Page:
The Arrow Club


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Today we are approaching the subject of counting calories. We will explain what counting calories entails, how it may affect you physically and mentally.

Counting calories is as it reads on the label, counting the number of calories you consume daily from both liquid and solid food. People tend to count calories as a way of manipulating their overall weight ie weight loss or weight gain. Weight loss occurs in a calorie deficit and weight gain occurs in a calorie surplus. 

No one is exempt from science and coming to terms with this will help as we explain later. 

The industry is split on whether you should or should not track your calories daily. Some say you should not track as it can lead to an unhealthy relationship with food and calories. 

While others say you should so that you have a full understanding of your daily energy consumption. It will make for easier progression and less guesswork when you are going through a body transformation.   

Your relationship with food is as unique to you as your fingerprints. We all have different ideas and feelings towards food and how it makes us feel. Some of us use it to comfort ourselves, some of us use it to alleviate stress and some of us are indifferent towards it.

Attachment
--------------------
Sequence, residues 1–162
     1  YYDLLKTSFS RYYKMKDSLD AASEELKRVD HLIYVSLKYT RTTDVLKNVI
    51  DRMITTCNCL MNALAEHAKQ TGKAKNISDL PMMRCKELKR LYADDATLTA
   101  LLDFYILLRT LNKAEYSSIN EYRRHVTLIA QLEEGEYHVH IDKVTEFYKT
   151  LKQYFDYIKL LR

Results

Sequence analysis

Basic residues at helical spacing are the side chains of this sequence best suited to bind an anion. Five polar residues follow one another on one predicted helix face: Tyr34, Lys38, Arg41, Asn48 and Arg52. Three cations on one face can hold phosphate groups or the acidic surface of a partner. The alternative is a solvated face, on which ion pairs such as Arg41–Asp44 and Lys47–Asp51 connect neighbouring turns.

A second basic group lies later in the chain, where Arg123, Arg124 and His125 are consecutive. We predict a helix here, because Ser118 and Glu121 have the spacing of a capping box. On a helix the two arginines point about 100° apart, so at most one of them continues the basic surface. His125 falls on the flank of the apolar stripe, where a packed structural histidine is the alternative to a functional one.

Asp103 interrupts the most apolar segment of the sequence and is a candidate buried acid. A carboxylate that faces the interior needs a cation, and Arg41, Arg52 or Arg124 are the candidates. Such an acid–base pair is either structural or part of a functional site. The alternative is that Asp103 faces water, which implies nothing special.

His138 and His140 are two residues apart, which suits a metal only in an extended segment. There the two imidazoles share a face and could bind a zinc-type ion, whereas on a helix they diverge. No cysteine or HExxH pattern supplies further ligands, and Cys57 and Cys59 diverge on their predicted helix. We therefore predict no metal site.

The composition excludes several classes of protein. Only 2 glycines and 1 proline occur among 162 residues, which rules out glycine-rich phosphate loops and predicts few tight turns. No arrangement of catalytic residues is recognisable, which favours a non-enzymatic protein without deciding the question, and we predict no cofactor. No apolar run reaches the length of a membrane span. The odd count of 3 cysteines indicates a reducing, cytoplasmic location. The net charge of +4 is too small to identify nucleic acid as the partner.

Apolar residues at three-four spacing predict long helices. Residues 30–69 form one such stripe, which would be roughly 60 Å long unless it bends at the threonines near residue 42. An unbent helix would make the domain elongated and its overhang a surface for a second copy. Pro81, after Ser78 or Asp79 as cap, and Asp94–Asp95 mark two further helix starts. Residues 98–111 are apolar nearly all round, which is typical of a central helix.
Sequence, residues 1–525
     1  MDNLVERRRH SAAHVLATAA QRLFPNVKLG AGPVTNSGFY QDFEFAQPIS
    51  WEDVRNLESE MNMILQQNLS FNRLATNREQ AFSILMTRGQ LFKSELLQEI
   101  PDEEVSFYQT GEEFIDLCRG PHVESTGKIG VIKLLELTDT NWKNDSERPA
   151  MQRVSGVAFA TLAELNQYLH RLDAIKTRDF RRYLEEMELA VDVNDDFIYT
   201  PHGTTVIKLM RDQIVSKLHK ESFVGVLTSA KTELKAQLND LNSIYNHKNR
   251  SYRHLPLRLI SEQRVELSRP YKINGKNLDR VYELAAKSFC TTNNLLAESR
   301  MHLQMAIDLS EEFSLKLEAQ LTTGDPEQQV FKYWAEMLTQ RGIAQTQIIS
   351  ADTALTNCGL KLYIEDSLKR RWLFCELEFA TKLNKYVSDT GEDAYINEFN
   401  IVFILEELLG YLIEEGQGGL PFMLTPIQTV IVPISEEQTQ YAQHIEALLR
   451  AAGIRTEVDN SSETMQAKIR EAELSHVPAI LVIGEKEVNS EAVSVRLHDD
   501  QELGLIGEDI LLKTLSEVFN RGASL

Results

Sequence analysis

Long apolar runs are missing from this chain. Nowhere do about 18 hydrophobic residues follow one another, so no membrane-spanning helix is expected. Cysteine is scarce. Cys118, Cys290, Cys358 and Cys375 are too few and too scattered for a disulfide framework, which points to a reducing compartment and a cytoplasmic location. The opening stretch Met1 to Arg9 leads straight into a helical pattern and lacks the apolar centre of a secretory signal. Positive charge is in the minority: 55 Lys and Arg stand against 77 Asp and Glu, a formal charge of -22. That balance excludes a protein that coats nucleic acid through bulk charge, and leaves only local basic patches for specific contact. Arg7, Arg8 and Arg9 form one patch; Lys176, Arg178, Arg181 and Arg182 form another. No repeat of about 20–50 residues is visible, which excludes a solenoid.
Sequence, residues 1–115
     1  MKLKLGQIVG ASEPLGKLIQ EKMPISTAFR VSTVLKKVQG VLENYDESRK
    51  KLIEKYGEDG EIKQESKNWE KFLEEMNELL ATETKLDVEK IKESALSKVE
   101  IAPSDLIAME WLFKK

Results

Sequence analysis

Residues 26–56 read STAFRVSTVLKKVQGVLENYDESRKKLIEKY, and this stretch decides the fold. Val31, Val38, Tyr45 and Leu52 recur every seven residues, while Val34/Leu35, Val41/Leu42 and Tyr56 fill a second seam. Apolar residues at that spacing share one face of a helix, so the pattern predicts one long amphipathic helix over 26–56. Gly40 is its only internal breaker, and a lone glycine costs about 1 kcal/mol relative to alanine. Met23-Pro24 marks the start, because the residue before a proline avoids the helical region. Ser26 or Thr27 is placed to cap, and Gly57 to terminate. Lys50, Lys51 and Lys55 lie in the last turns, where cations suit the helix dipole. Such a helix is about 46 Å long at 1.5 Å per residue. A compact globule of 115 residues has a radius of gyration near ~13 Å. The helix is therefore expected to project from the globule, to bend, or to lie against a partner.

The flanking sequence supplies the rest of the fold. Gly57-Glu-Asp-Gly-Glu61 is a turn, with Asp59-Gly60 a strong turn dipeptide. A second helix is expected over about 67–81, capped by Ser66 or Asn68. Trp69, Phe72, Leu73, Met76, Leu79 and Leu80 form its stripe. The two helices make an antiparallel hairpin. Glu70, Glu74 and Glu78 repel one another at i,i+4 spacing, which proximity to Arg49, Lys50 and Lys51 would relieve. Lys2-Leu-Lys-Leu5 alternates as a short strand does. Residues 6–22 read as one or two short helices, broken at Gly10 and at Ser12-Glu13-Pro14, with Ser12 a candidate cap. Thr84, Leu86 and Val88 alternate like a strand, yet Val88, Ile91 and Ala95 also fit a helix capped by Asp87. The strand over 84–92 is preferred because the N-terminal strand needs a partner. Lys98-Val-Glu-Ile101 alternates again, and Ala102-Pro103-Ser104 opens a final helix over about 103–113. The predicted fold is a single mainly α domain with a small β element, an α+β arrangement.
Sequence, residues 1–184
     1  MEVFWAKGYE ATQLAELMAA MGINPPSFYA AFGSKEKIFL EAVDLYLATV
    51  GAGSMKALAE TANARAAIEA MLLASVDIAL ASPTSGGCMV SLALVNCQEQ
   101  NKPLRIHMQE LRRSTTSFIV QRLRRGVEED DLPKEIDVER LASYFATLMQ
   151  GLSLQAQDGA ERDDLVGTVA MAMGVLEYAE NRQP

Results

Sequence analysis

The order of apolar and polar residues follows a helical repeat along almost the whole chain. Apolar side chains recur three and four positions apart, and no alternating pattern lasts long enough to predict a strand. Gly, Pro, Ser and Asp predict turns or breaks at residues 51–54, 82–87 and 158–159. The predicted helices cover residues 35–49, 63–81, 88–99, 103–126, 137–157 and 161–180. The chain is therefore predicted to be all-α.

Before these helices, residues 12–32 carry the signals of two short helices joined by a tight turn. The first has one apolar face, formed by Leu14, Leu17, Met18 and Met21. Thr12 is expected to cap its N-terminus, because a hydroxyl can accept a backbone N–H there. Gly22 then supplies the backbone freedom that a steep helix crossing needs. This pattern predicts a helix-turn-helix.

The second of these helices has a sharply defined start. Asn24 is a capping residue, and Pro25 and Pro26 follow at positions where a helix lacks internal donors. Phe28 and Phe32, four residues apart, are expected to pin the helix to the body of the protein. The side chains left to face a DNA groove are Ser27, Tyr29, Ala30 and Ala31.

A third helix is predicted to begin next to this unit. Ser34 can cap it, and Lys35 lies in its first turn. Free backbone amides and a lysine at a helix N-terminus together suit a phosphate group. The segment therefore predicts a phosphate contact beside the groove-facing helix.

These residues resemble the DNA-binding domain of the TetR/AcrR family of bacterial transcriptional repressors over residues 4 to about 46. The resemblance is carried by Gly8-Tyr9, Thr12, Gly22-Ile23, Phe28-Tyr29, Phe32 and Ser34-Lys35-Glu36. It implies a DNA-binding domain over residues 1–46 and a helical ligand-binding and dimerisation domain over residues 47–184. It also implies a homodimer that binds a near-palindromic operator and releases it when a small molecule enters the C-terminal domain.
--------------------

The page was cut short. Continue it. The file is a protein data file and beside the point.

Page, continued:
The context of you as an individual and your individual history plays a massive role in how you view food.  The health and fitness industry further distorts your perceptions as they demonise certain things and make blanket statements mainly for click bait. 


For example: 


Susan with 500k followers on social media comes out and promotes her new and life-changing keto meal plan which  demonizes bread and all carbs to the general public.


Sadly the society we live in think that Susan has some form of credibility.


Either because of her vast and mainly bought Instagram following or because she once taught Zumba down at the local sports hall.


Now we are sure that most of you would look at the new and life-changing keto plan and think to yourself …'Not today Susan' 


But for the rest of us, we are left forming a biased opinion on whether these foods are good or bad for you.


Slowly that's when your food demons begin to creep in, 



"Oh my god, all I want to eat is pain au chocolat"


My brain:

"but Susan said on her Instagram  that not only will my insulin spike but my body fat will increase dramatically"